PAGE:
Sunday, January 27

A difference of opinion has an interesting article about Donald Miller and his book Blue Like Jazz. It's very interested. You can read the full text of the article here.

To me, the most interesting part of the article is the discussion of the different kind of reactions that people have to Blue Like Jazz. These reactions allow you to really see a division in mindset that exists among followers of Jesus in our society today.

On one hand, the article relates experience like this:

Brad Jones, a 30-year-old youth pastor at a conservative Southern Baptist Church in South Florida, said he felt alone in his desire for more authentic dialogue about God.

"My thoughts on faith aren't really going along with everyone else and then I read this and said, 'That's what I've been thinking the whole time,"' he said.

Miller's book embraces cultural relevance, not cultural dominance, he said.

"The typical judgmental, hate-filled, bigoted, more people knew what we were against than what we were for," mentality has little to do with the real God, Jones said.

It also generalizes this further by saying:

Some experts say Miller and authors like him are in sync with a generation of young adults who very much believes in God, Jesus and the basics of Christianity, but are struggling to balance their conservative Christian upbringings with a culture that embraces a go-along-to get-along philosophy.

"People like Donald Miller are speaking almost like a prophet of a new age and describing the landscape in a way people who feel comfortable in that landscape really couldn't articulate before," said David Kinnaman, a researcher for The Barna Group and author of "Unchristian."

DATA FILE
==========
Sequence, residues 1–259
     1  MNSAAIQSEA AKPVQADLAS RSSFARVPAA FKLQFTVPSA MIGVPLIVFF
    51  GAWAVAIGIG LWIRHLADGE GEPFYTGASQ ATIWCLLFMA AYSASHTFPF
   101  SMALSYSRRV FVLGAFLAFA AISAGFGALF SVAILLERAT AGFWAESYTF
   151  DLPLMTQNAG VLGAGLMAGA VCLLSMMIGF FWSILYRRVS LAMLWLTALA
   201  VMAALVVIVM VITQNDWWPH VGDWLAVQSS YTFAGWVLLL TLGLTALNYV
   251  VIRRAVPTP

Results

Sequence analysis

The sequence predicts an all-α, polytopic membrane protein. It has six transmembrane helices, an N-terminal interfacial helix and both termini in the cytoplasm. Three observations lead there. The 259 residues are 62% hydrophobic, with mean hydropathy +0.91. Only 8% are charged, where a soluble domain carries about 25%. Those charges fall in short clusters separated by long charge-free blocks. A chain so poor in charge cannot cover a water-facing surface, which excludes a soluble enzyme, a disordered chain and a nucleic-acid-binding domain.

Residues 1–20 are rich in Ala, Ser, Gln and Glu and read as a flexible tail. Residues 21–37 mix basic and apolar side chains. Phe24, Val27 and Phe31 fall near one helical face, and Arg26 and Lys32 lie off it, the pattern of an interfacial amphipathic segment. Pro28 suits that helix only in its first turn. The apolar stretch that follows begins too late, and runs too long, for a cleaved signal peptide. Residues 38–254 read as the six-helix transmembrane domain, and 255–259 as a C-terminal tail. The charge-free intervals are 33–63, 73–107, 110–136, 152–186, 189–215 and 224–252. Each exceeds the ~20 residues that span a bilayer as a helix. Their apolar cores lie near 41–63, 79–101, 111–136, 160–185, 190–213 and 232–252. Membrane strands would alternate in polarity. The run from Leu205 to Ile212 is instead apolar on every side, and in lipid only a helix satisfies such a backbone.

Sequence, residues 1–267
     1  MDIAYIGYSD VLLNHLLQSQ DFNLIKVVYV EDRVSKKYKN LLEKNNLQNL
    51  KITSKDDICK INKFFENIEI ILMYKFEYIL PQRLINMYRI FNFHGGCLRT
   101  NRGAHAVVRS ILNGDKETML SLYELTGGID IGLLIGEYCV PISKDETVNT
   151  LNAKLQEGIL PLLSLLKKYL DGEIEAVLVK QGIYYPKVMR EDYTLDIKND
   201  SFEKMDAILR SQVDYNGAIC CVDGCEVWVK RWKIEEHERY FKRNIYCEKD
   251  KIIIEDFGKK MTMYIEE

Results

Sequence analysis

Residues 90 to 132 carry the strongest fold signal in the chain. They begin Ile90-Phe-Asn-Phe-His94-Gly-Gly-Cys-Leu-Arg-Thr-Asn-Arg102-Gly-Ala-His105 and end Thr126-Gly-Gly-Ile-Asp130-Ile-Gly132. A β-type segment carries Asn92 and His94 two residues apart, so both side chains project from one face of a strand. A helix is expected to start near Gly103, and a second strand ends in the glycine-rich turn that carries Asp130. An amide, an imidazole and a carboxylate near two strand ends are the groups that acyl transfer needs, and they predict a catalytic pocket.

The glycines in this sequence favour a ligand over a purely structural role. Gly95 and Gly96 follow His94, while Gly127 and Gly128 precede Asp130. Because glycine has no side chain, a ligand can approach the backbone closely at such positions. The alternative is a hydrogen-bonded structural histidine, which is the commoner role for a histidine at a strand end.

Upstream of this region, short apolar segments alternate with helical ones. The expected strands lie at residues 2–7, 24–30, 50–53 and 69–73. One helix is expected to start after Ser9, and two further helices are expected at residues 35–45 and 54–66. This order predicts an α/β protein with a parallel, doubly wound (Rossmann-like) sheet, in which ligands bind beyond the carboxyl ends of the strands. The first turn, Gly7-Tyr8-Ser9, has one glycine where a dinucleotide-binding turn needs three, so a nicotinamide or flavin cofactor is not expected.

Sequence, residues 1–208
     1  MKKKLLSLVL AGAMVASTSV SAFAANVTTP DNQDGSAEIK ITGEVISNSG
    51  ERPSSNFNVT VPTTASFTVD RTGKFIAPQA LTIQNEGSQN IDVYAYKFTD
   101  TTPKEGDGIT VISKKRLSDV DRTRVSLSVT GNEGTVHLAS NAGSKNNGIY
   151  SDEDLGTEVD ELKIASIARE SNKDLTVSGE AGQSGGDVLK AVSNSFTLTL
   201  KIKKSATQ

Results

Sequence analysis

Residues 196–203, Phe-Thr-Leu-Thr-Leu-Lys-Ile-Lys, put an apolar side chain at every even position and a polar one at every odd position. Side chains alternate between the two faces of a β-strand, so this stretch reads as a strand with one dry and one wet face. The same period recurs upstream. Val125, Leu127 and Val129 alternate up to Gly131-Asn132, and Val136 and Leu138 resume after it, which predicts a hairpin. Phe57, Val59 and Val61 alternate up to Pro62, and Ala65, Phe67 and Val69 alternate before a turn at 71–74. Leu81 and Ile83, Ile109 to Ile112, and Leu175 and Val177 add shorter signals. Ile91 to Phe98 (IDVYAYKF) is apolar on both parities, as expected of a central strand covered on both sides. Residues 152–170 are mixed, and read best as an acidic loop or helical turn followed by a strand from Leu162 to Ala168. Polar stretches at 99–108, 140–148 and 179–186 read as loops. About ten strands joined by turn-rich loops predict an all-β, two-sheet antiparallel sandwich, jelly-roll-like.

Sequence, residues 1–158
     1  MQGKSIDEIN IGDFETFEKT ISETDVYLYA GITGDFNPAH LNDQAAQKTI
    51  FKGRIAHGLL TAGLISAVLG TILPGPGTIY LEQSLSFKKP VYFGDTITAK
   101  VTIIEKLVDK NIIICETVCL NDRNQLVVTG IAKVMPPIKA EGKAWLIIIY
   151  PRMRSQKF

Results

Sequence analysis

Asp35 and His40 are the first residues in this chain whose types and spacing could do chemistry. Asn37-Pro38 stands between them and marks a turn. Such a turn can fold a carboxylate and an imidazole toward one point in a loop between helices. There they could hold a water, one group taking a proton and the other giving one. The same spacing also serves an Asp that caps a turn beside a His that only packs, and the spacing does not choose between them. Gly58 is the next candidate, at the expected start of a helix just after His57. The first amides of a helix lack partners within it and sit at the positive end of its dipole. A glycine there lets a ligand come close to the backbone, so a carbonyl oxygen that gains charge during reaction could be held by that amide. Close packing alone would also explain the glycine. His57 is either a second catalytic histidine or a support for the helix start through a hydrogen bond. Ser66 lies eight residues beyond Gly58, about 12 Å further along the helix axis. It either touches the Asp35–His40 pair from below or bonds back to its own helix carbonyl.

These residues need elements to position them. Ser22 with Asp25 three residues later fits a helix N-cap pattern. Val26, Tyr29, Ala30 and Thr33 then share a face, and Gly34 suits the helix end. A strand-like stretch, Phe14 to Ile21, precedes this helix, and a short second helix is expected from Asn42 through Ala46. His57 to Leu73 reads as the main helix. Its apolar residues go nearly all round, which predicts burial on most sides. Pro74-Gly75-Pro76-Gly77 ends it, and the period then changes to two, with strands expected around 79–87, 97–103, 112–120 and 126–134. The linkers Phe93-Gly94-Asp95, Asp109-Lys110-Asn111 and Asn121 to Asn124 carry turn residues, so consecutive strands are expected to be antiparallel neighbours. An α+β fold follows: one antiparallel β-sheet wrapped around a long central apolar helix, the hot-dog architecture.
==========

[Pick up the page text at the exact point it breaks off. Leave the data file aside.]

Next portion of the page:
On the other hand, Miller and Blue Like Jazz have critics. For example, the article says:

Critics call Miller's works casual and glib and that he strays from biblical truths when he downplays homosexuality and other sins.

One such critic, Shane Walker, says Miller presents Jesus as a "nice fellow who meets one at the campfire and swaps stories." He forgets to remind readers that Jesus is also a judge and avenger who "wants to save you from his just wrath," according to his review for "Blue Like Jazz" , an organization designed to help local churches re-establish their biblical bearings.

These two types of responses are relatively typically. I don't think that I have encountered anyone who takes just a middle-of-the-road, I-could-take-it-or-leave-it response to Miller and Blue Like Jazz. Either you think that he hits the nail on the head and points out many of the flaws and problems in present-day Christianity, or else you think he is part of the problem with present-day Christianity. There doesn't seem to be any middle ground.

Personally, I fall in the first group. But that's a thought for another day.

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